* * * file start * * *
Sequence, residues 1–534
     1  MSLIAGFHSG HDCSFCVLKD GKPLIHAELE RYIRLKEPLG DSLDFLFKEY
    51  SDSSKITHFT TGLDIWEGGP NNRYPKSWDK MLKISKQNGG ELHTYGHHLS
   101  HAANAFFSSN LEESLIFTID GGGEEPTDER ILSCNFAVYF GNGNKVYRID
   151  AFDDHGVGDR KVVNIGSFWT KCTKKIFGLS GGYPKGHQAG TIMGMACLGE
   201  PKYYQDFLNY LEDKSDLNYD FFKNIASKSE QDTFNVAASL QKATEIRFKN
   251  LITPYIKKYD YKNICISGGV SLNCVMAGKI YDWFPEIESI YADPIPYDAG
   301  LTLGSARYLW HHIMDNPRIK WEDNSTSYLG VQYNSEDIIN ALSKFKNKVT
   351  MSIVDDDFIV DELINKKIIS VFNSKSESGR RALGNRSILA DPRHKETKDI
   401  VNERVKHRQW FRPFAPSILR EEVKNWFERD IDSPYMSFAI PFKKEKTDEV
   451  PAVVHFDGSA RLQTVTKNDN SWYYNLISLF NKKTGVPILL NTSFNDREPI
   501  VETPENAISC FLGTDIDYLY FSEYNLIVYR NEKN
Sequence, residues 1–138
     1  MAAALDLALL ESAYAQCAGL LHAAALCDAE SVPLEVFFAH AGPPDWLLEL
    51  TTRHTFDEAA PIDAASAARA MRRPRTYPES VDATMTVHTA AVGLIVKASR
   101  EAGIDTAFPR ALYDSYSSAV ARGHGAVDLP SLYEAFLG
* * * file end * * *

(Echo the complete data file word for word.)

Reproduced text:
Sequence, residues 1–534
     1  MSLIAGFHSG HDCSFCVLKD GKPLIHAELE RYIRLKEPLG DSLDFLFKEY
    51  SDSSKITHFT TGLDIWEGGP NNRYPKSWDK MLKISKQNGG ELHTYGHHLS
   101  HAANAFFSSN LEESLIFTID GGGEEPTDER ILSCNFAVYF GNGNKVYRID
   151  AFDDHGVGDR KVVNIGSFWT KCTKKIFGLS GGYPKGHQAG TIMGMACLGE
   201  PKYYQDFLNY LEDKSDLNYD FFKNIASKSE QDTFNVAASL QKATEIRFKN
   251  LITPYIKKYD YKNICISGGV SLNCVMAGKI YDWFPEIESI YADPIPYDAG
   301  LTLGSARYLW HHIMDNPRIK WEDNSTSYLG VQYNSEDIIN ALSKFKNKVT
   351  MSIVDDDFIV DELINKKIIS VFNSKSESGR RALGNRSILA DPRHKETKDI
   401  VNERVKHRQW FRPFAPSILR EEVKNWFERD IDSPYMSFAI PFKKEKTDEV
   451  PAVVHFDGSA RLQTVTKNDN SWYYNLISLF NKKTGVPILL NTSFNDREPI
   501  VETPENAISC FLGTDIDYLY FSEYNLIVYR NEKN
Sequence, residues 1–138
     1  MAAALDLALL ESAYAQCAGL LHAAALCDAE SVPLEVFFAH AGPPDWLLEL
    51  TTRHTFDEAA PIDAASAARA MRRPRTYPES VDATMTVHTA AVGLIVKASR
   101  EAGIDTAFPR ALYDSYSSAV ARGHGAVDLP SLYEAFLG